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Mirtazapine for Veterinary Use

Veterinary: Order Online Now
Pet Owners: Pick Up and Fill a New Prescription

by Barbara Forney, VMD


Overview

Therapeutic Class
Anti-depressant

Species
Cats

May Be Prescribed by Vets for:
Appetite stimulant

FDA Status
No veterinary approved products available.

Search for Available Dosage Forms

Basic Information

Mirtazapine is a human anti-depressant drug that is used as an add on drug for severe depression. It is particularly useful for patients with anxiety and sleep disturbance. Mirtazapine has a rapid onset of activity in comparison to many anti-depressant medications. It has a dual mechanism of action, being both a noradrenergic and specific serotonergic drug (NaSSA). Mirtazapine is metabolized primarily by the liver.

Ask your vet these questions about compounded medications.

Cats

Mirtazapine is used as an appetite stimulant and anti-emetic in cats. At this time there is very little scientific information available on this drug in cats, although it is mentioned in the proceedings of a number of feline veterinary meetings. Anecdotal use includes cats with chronic renal failure, pancreatitis, diabetes mellitus and other depressed, older, sick cat situations. Possible advantages for the use of mirtazapine over cyproheptadine is the once every three days dosing and the anti-emetic properties. In human medicine, the notable downside to mirtazapine is weight gain. When treating sick, anorectic cats, this might be considered a positive attribute.

Mirtazapine Side Effects

The most common side effects in humans are somnolence, dry mouth, increased appetite and weight gain.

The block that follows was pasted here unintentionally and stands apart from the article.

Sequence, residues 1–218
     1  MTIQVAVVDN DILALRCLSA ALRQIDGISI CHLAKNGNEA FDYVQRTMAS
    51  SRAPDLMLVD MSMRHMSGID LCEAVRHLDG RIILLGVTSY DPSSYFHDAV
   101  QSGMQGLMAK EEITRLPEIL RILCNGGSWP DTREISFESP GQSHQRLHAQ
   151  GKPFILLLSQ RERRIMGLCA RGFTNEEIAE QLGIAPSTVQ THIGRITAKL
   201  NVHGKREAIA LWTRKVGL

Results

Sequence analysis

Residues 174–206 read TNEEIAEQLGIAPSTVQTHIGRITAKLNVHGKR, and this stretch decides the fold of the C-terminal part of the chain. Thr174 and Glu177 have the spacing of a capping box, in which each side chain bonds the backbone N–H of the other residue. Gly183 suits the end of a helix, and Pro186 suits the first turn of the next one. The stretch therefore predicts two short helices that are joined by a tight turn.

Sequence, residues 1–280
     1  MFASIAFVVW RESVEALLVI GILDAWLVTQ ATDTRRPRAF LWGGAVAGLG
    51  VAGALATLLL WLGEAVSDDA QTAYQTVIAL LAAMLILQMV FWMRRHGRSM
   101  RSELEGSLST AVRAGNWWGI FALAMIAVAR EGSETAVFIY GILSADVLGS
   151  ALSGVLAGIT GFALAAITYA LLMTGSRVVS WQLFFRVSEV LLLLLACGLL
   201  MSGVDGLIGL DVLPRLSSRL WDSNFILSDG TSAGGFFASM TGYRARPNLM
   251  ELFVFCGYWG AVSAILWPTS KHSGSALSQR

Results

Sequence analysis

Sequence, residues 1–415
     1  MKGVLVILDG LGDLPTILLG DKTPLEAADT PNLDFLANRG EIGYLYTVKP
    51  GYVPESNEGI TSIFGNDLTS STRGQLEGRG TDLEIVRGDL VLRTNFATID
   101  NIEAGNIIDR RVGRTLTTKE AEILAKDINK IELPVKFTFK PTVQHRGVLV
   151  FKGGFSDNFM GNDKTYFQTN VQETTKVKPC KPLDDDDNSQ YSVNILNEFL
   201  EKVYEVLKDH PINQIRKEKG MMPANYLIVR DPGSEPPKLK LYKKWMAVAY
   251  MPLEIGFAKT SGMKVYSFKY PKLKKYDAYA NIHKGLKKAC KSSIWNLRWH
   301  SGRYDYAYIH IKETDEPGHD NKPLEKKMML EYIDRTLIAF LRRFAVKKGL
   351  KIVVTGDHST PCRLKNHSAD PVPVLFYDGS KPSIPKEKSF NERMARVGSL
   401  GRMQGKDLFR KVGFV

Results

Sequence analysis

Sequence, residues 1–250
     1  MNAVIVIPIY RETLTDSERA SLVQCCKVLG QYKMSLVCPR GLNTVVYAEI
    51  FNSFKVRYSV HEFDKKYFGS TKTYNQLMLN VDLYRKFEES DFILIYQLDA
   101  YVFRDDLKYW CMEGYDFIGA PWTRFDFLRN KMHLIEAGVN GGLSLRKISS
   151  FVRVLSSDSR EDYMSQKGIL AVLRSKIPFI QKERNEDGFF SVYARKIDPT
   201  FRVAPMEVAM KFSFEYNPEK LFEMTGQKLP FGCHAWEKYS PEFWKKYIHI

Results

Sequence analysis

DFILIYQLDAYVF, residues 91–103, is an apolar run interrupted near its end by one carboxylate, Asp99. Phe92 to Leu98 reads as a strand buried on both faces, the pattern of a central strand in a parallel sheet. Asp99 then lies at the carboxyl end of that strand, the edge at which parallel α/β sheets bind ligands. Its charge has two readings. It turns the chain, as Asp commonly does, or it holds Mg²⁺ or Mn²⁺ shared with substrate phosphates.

Precautions

No precautions regarding use of mirtazapine in cats were found in the literature.

Drug Interactions

Based on the human literature, mirtazapine has fewer drug interactions than many of the other drugs used to treat depression. There is no specific information available regarding treatment in cats.

Overdose

Mirtazapine has a wide margin of safety in humans. No information was found in the literature regarding cats. If an overdose is recognized promptly, gut emptying protocols may be attempted.
 

About the Author

Dr. Barbara Forney is a veterinary practitioner in Chester County, Pennsylvania. She has a master's degree in animal science from the University of Delaware and graduated from the University of Pennsylvania School of Veterinary Medicine in 1982.

She began to develop her interest in client education and medical writing in 1997. Recent publications include portions of The Pill Book Guide to Medication for Your Dog and Cat, and most recently Understanding Equine Medications published by the Bloodhorse.

Dr. Forney is an FEI veterinarian and an active member of the AAEP, AVMA, and AMWA.

You can purchase books by Dr. Forney at www.exclusivelyequine.com

The information contained on this site is general in nature and is intended for use as an informational aid. It does not cover all possible uses, actions, precautions, side effects, or interactions of the products shown, nor is the information intended as medical advice or diagnosis for individual health problems or for making an evaluation as to the risks and benefits of using a particular product. You should consult your doctor about diagnosis and treatment of any health problems. Information and statements have not been evaluated by the Food and Drug Administration ("FDA"), nor has the FDA approved the products to diagnose, cure or prevent disease.

Wedgewood Pharmacy compounded veterinary preparations are not intended for use in food and food-producing animals.